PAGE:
Prosecutors are challenging Fortenberry’s appeal claims, including that he was wrongfully tried in Los Angeles.
LINCOLN, Nebraska (Nebraska Examiner) — Federal prosecutors in California on Friday dismissed appeals by former U.S. Rep. Jeff Fortenberry that he was wrongly convicted of lying to federal agents and that he was wrongly tried in Los Angeles, not Nebraska.
In a 73-page document, prosecutors from the U.S. Attorney’s Office in Los Angeles argued that at least three district court decisions concluded that the proper place for a trial could be either the area where the crime was committed or the location where the crime was committed. “directed”. or in this case, California.
Prosecutors also argued that the trial judge, U.S. District Judge Stanley Blumenfeld, rightly denied Fortenberry’s defense attorneys’ request to include “incorrect” and “unnecessary” additional instructions to the jury about the “materiality” of the congressman’s statements given to FBI investigators.
Assistant US Attorney Mac Jenkins, lead prosecutor in the Fortenbury case, speaks to reporters after the March verdict. It took a jury in Los Angeles just over two hours to find Fortenberry guilty. (Paul Hammel/Nebraska Examiner)
Fortenberry, who has represented Nebraska’s 1st congressional district since 2005, was convicted in March of three felony charges of lying to federal investigators and concealing illegal campaign contributions.
The allegations were related to a 2016 fundraiser in suburban Los Angeles in which Fortenberry raised $30,000 from a handful of Lebanese Americans.
Investigate foreign donations
The funds were later revealed to have come from a single individual, Lebanese-Nigerian billionaire from Paris, Gilbert Chaguri. It is illegal for American politicians to accept donations from foreigners or donations channeled through channels or “fronts.”
Los Angeles-based FBI agents launched an investigation in 2015 into Chaguri and campaign materials he provided to several US politicians, including former US Secretary of Transportation Ray LaHood and then-US Rep. Lee Terry, R-Nebu.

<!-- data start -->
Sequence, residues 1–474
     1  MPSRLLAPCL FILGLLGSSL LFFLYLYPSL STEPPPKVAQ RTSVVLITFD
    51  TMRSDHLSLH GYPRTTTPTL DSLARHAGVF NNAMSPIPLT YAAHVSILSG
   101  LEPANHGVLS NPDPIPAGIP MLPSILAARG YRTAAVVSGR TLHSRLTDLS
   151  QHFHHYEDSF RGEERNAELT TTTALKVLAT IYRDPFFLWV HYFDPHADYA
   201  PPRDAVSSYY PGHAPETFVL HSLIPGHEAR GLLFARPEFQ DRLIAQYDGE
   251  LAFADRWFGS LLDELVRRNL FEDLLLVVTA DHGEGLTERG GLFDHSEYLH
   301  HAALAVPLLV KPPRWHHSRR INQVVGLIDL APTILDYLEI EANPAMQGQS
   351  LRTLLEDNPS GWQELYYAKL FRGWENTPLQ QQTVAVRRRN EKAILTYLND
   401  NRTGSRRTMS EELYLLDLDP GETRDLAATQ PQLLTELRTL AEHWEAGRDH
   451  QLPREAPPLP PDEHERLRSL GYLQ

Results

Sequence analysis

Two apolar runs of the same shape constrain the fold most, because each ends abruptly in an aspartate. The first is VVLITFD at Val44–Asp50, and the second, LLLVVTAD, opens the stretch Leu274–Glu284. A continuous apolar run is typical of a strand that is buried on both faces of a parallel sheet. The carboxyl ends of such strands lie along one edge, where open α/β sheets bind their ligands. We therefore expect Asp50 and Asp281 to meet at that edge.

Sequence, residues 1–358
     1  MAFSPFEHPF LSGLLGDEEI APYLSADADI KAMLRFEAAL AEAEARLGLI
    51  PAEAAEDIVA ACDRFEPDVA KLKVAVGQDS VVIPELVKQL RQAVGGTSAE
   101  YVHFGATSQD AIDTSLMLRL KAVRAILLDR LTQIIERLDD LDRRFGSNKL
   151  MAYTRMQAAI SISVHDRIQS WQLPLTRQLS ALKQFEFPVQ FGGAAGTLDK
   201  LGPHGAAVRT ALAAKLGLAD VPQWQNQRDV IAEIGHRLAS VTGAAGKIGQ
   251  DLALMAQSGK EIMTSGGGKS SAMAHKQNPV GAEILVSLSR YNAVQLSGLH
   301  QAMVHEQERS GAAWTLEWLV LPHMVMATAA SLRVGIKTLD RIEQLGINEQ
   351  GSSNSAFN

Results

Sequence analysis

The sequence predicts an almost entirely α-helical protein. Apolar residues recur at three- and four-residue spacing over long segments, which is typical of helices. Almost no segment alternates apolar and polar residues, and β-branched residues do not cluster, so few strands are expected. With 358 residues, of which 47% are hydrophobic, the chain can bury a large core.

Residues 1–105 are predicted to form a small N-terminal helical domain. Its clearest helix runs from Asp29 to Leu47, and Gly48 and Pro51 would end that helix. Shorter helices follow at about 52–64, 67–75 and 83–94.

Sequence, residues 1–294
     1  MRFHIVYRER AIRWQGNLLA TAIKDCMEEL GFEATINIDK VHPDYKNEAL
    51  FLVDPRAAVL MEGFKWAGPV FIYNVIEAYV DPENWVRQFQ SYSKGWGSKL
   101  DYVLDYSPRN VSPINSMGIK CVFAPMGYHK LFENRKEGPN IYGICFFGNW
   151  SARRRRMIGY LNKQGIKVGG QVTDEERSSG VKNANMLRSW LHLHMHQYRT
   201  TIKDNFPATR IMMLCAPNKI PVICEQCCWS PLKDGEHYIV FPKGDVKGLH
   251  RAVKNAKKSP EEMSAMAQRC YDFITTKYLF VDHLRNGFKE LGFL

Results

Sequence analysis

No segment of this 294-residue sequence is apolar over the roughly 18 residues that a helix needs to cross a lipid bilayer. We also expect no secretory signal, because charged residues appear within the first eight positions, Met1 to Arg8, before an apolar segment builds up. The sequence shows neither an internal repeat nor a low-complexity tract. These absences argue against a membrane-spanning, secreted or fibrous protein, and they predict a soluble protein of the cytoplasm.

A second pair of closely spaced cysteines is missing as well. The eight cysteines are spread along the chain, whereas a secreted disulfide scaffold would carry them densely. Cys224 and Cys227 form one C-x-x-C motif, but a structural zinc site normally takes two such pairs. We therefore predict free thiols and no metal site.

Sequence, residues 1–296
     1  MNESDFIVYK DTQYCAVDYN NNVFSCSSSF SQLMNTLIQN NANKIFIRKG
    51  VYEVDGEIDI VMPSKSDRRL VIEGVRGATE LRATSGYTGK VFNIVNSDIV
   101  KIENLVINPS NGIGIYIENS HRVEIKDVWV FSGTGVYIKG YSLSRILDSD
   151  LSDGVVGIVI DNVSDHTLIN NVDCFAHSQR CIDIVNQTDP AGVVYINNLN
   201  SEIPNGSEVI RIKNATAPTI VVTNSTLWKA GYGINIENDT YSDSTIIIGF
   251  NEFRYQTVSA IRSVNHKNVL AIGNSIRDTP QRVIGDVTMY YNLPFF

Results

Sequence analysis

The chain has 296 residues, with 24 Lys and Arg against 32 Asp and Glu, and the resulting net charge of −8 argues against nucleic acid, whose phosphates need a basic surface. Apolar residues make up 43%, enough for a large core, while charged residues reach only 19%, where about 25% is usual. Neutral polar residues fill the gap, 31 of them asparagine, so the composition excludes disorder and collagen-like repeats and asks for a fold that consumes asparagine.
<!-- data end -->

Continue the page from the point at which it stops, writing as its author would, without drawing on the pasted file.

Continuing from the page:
In 2021, Chaguri paid $1.8 million to clear charges that he provided $180,000 in donations to four politicians. Terry said he gave away the $5,200 donation he received as soon as he learned the FBI was investigating.
During Fortenberry’s trial, prosecutors played a tape recording of a June 2018 conversation between the then-Republican congressman and a fundraiser in Los Angeles.
During the call, the organizer, Dr. Elias Ayub, claimed on at least three occasions that the $30,000 was illegal – that it was delivered in a paper bag from an associate of Chaguri and likely belonged to the billionaire.
However, when California FBI agents questioned Fortenberry at his Lincoln home in March 2019, he denied knowledge of any illegal donations and said he was not sure who Ayoub was.
Fortenberry denied the information
Fortenberry also denied any knowledge of illegal donations during a subsequent questioning by FBI agents in Washington, D.C. later in 2019.
A few weeks after this meeting with the FBI, Fortenberry gave away the $30,000 he received to charity — a deferred payment, according to one of his lawyers, was offered by the feds.
Fortenberry, who resigned shortly after being convicted, claimed he was the victim of an overzealous prosecution and that he either misheard, forgot, or had poor cell phone service when told the donations were illegal. .
The tape, played at least three times for jurors in California, became weighty evidence. Every time it played, the jurors took notes to themselves.
In October, Fortenberry’s lawyers filed a 61-page appeal of his conviction with the 9th US Circuit Court of Appeals.
Location of trial disputed
Among their arguments was that the trial should have been held not in California, but in Nebraska or Washington, D.C., where “the defendant committed acts constituting the alleged crime.”
Defense lawyers also argued that Fortenberry’s statements to the FBI agents were not “essential” to their investigation, and therefore he should not have been tried or convicted.
Fortenberry, now 62, still lives in Lincoln. The Omaha World-Herald reported that in June he took a job in the private sector with a salary of $144,000 a year.
He was sentenced to two years of probation, a $25,000 fine and 320 hours of community service – the sentence is suspended pending his appeal.
The Nebraska Examiner is part of Newsroom States, a network of newsrooms supported by grants and a coalition of donors as a 501c(3) public charity. The Nebraska Examiner maintains editorial independence. For questions, please contact editor Keith Folsom: [email protected] Follow Nebraska Examiner on Facebook and Twitter.